What is Sencha Tea?
When we think of green tea, we only think of one thing; green tea. However, a lot of people don’t know that there are different kinds of green tea. Some of these types include matcha, gunpowder, and sencha, which you may already know about. What makes these green teas different from each other is the growth of the plant, tea production and processing.
Now, instead of going into each type of tea, we’re going to discuss the one that gets the most talk. Sencha green tea is a very common tea and it is the most popular green tea in Japan. We’re going to talk about why that is as well as its origins and how they make it.
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History of Sencha
Green tea and all teas, in general, have been around for a while, but it wasn’t until the 17th century when sencha tea was first being used. In this century, the tea leaf was brought over to Japan from China. Before that, matcha was the preferred drink of choice in Japan. However, once sencha was introduced, it became a go-to for the Japanese. This is because the tea didn’t require any kind of preparation in advance, unlike other teas, so it could be enjoyed as soon as possible. In today’s world, sencha is still a favorite. In fact, 80% of all tea that comes from Japan is sencha.
Processing for Sencha Green Tea
The process begins with the camellia sinensis plant, as almost all teas do. Sencha is made from leaves that grow under sunlight. This is different from other types of green tea, which we will discuss later. After the plant grows, they are harvested in the first or second flush, with the first harvest being the best quality sencha. This first flush is known as Sencha. Also, the leaves from the upper shoots are most often picked because they are the youngest leaves and are therefore higher quality.
After the growing and picking process, the leaves move off to a plantation. This is where most of the action happens. Firstly, the steaming process begins immediately to prevent oxidation. Oxidation affects the outcome of the tea drastically. If leaves are partially oxidized, they become oolong tea. Fully oxidized leaves become black tea and green tea has no oxidation. Moving along, the tea leaves go into the drying and rolling process. This is where the tea gets it shape and taste, as they move into cylinders to dry off and get broken down. As a result, the shape of the leaves is needle-like and the taste is fresh.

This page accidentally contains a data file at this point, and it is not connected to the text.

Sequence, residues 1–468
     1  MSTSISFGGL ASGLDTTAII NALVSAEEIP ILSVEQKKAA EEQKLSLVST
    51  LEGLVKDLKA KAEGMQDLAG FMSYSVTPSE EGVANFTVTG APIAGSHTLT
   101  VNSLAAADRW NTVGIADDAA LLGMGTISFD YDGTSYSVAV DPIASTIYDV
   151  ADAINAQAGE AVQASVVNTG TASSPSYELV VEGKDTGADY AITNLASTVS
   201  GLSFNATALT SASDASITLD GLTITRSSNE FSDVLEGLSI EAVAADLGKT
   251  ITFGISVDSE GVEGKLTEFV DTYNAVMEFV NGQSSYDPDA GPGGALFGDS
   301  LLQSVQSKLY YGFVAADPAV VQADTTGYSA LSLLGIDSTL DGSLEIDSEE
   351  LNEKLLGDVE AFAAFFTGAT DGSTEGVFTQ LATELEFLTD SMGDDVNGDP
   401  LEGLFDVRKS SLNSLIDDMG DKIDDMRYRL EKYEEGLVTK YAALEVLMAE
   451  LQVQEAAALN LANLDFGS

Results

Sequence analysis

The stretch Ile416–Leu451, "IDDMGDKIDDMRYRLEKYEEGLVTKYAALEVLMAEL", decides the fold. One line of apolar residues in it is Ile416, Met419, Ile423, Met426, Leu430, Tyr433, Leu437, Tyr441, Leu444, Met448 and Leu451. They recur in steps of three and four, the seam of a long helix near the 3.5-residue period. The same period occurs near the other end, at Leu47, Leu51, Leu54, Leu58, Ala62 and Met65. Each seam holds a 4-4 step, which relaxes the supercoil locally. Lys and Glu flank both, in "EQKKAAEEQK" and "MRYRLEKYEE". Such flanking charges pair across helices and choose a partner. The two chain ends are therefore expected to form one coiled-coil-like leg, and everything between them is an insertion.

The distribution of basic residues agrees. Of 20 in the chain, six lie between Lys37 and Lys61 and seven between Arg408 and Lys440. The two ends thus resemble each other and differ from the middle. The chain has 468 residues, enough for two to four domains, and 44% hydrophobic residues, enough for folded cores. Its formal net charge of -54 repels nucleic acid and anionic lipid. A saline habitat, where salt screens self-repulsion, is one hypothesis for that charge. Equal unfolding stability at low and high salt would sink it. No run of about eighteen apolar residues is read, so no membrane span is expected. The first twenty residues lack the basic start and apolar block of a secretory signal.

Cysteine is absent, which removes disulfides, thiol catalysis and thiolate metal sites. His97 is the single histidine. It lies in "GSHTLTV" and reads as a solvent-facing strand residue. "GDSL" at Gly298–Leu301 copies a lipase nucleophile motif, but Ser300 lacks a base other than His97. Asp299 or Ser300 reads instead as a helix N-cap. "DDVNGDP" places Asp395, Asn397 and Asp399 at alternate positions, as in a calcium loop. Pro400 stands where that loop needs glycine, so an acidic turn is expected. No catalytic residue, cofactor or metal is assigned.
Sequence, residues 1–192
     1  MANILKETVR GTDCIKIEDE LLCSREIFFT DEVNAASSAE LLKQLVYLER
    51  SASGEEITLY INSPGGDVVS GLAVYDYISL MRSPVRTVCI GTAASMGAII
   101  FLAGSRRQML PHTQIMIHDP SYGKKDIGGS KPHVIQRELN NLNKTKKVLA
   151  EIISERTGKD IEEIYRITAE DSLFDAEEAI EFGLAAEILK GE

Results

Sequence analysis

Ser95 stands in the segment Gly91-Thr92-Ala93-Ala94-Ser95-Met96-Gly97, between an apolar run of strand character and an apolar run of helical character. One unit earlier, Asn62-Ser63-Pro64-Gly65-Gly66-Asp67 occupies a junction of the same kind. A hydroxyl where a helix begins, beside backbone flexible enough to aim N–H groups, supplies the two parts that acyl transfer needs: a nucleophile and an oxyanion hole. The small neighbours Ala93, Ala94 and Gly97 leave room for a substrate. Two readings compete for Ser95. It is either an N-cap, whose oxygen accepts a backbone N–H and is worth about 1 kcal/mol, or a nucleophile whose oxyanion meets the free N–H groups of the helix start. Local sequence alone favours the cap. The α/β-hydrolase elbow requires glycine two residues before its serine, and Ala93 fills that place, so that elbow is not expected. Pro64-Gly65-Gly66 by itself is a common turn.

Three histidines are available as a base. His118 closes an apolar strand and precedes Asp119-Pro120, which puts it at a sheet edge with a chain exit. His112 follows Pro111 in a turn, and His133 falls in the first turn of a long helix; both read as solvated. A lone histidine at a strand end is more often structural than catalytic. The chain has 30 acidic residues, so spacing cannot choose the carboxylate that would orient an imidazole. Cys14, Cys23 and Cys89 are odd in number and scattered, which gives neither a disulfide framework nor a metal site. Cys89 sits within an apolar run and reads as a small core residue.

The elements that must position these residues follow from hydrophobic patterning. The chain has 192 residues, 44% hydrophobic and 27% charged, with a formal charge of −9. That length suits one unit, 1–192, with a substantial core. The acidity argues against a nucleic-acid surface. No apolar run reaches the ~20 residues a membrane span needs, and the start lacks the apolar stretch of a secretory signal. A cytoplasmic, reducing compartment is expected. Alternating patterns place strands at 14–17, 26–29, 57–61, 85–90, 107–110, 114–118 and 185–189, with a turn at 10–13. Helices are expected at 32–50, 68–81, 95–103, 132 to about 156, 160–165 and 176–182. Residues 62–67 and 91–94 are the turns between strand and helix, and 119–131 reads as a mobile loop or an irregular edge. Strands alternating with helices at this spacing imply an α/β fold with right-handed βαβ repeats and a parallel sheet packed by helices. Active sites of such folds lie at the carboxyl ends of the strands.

Other ways of preparing the leaves can result in different types of sencha tea. Regardless of the type, there is not a lot of processing in sencha. This makes sure that the tea keeps all of its nutrients and lovely properties.
6 Sencha Green Tea Health Benefits
Like every tea, the list of sencha tea benefits is extensive. Below you will find six benefits of drinking sencha.
Fights free radicals
Free radicals are molecules that harm our bodies. They are known to damage our DNA, which can cause cancer and can speed up ageing. Sencha green tea has lots of antioxidants and other nutrients, which help fight against these radicals. This means that this tea can reduce the risk of getting many types of cancers and can lower oxidative stress in our bodies.
Helps with weight loss
Sencha is a great fat burner. The many antioxidants that it has can help burn extra calories. Also, the caffeine in this green tea can boost your metabolism. This will give you more energy throughout the day while burning fat in the background.
Boosts the immune system
Thanks to its high levels of vitamin C and other antioxidants, sencha can give lots of help to your immune system. It can prevent infections and viruses from taking over by creating white blood cells. These cells can also help shorten the duration of a cold or a flu that you may have.
Reduces bad cholesterol
Studies show that sencha green tea is good for lowering LDL, or bad cholesterol. This is great for lowering blood pressure and preventing heart disease. Anyone who is at risk for any kind of heart problems should give this tea a try.
5. Boosts energy
Since this tea has caffeine in it, it will definitely give you a boost of energy. However, sencha tea has an amino acid called theanine, which helps calm your body down. Also, green tea does not have much caffeine in it either. This means that the boost in energy that you get will not be as strong as coffee, but it will be more relaxing and steady.
Improves oral health
Interestingly, sencha tea also has fluoride in it, which helps strengthen your teeth and prevent cavities. Furthermore, this can help prevent bad breath and fight germs in your mouth.
Sencha Tea vs. Matcha
Both matcha and sencha are very popular types of teas, so we thought we would compare the two. We’re going to be looking at matcha powder vs. sencha loose leaf to see which one tastes better and which is better for you. To start, as mentioned before, sencha is grown in the sun, but matcha is grown in the shade. This makes a difference in the properties of each tea. Sencha has more catechin antioxidants because of the sun, while matcha has more caffeine and theanine from less sun. Both are healthy tea options, but from these facts, you can choose what you want more of.
In terms of taste, sencha green tea has an uplifting and refreshing taste to it. Resulting in a nutty/fruity aftertaste, which makes it great for iced tea. For matcha, the taste is smooth and savory with not much of an aftertaste. Both teas have somewhat of an earthy taste to them, however. In terms of color, sencha is more of a dark green, while matcha tea powder is bright green.
Sencha is a great tea to try if you haven’t already. With all of the benefits it has and its refreshing taste, it can make for a perfect morning drink to start your day right.